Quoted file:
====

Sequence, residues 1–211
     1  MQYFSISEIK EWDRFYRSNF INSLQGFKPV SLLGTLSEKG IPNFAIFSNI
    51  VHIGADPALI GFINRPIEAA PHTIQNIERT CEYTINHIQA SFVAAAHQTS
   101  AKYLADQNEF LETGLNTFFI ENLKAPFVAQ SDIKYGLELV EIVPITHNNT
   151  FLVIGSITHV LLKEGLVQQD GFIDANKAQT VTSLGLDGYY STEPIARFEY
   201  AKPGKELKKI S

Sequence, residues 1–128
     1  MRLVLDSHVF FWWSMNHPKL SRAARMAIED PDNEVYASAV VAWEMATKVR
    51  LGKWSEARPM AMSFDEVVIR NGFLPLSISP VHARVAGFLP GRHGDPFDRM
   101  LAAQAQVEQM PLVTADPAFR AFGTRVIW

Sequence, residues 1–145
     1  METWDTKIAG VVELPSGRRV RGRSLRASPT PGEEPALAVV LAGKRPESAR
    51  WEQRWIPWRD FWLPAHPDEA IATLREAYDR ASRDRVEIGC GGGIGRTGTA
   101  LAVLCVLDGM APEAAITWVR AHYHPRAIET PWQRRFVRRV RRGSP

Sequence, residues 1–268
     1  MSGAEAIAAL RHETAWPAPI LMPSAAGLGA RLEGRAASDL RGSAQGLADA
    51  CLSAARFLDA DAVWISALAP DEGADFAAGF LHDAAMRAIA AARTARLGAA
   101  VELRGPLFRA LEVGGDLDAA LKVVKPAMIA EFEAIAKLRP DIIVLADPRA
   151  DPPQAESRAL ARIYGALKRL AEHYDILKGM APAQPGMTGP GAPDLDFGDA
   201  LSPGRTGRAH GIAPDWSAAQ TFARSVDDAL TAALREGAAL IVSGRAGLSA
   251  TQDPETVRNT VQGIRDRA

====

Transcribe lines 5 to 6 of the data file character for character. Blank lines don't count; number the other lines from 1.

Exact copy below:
   151  FLVIGSITHV LLKEGLVQQD GFIDANKAQT VTSLGLDGYY STEPIARFEY
   201  AKPGKELKKI S